Tourist season in the village of Waterton Lake, Albert, Canada winds down in mid-September. We’ve hit a pleasant day with sunshine therefore we decide to take the morning cruise on the Historic M.V. International. The 9-mile long lake spans the US/Canadian boarder. The narrated 2-¼-hour trip on Upper Waterton Lake leaves from the townsite, the boat stops at Goat Haunt, Montana for 30 minutes.

 

IMG_0705 - Version 2

 

 Haze from several forest fires in the American west affects our views of the rugged mountains in the backcountry of Waterton Glacier International Peace Park. Ridge after ridge – each becomes fainter.

 

Eagle on Waterton LakeThe crew spots two American Bald Eagles, slows the boat and shuts down the engines. We watch as one of the eagles stands on the stony shore spreading and flapping it’s wings. Our guide informs us that eagles do not have waterproof feathers so if one goes underwater for a fish they must dry their wings before flying again. The second eagle sits high in a pine tree seemingly on lookout.

 

Viewing Deck in the US on Waterton LakeAbout half way down the lake we cross the 49th parallel the boundary between the United States and Canada. Passengers may disembark at Goat Haunt to peruse the open-air visitor center focusing on local wildlife or take the lakeside walk to a viewing platform. Those wishing to hike further into the park must clear US customs – surely one of the most remote of border custom stations. Hikers may return on a later trip this afternoon or the hearty can hike back up the lake to the townsite.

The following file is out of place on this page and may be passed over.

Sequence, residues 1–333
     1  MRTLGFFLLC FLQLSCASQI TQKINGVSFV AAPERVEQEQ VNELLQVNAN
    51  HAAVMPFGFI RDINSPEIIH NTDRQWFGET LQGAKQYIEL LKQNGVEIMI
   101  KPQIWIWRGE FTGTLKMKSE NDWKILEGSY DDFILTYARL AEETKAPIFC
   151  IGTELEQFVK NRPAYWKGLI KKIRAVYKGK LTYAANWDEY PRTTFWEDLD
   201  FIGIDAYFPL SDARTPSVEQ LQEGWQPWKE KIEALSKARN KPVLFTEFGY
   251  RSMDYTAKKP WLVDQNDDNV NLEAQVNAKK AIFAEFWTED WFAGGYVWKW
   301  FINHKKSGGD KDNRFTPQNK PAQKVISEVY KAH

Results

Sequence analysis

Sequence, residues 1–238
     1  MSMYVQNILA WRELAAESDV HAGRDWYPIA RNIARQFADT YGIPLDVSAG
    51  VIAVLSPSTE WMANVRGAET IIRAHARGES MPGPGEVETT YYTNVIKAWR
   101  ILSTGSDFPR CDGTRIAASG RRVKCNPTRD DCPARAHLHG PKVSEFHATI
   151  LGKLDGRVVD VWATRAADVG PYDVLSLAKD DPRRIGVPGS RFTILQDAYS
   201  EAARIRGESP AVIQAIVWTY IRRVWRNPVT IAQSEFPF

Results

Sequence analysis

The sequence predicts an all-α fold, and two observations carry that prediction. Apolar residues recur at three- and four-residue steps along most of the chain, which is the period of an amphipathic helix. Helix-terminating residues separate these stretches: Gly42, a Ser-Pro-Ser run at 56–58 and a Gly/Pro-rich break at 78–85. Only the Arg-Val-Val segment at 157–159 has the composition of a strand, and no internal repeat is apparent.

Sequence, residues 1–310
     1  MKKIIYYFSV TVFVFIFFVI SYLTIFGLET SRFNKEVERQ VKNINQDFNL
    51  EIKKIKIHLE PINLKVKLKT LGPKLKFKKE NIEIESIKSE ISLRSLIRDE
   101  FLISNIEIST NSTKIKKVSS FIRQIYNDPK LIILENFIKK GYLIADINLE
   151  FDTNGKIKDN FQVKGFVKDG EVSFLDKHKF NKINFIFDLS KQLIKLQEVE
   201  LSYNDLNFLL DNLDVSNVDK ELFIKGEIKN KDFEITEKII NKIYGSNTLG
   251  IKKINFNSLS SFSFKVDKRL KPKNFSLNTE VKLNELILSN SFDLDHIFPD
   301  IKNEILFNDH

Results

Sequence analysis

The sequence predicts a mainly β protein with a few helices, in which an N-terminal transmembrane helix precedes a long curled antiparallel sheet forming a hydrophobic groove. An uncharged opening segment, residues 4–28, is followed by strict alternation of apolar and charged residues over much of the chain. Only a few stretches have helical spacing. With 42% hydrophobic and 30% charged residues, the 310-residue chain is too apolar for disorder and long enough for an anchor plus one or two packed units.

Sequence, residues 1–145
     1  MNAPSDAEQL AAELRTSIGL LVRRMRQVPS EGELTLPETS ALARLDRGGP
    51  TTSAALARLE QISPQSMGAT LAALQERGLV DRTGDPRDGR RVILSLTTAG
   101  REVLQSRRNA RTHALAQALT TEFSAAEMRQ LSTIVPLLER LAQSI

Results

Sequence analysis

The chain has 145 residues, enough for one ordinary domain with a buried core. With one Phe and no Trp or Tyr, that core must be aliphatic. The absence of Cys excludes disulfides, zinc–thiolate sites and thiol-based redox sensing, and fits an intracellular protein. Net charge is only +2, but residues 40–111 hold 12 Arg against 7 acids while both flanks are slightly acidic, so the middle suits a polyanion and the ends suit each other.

With decreased wind and increased sunshine the trip back to Waterton Lakes is uncommonly warm and pleasant, no need for jacket or the shelter of the lower deck. We’ve been on this cruise a couple of times in the summer yet today is the mildest we’ve experienced.

 

Ptince of Wales Hotel

 

The stately Prince of Wales hotel sits above the north end of the lake. Bob hoped to partake of high tea at the hotel but it has closed for the season with the tall lobby windows being boarded up  for winter protection. Last week a snow storm hit the park; we’re incredibly fortunate to have such a lovely September day in the park.

 

 

 

Glacier National Park – Montana


Trail of Cedars

Glacier National Park

 

Bob on Trail od Cedars

 

We love this walk beneath the canopy of old trees along Avalanche Creek on the west side of Glacier National Park. Western red cedar dominate the grove. Black cottonwood with its deeply grooved bark and Western hemlock are also prominent. Many of these trees reach heights of over two hundred feet. The cedars and hemlocks can live to over 1,000 years.

 

Ferns & Logs 0 Trail of Cedars

 

About half of the trail is along a board walk raised about the spongy forest floor covered with decomposing logs, dropped needles and shade tolerant plants. Mosses hang from dying branches. In this moist enclave lichens and moss streak tree trunks. Along the eastern side of the loop trail shaded rocky hills drip with constant water seepage.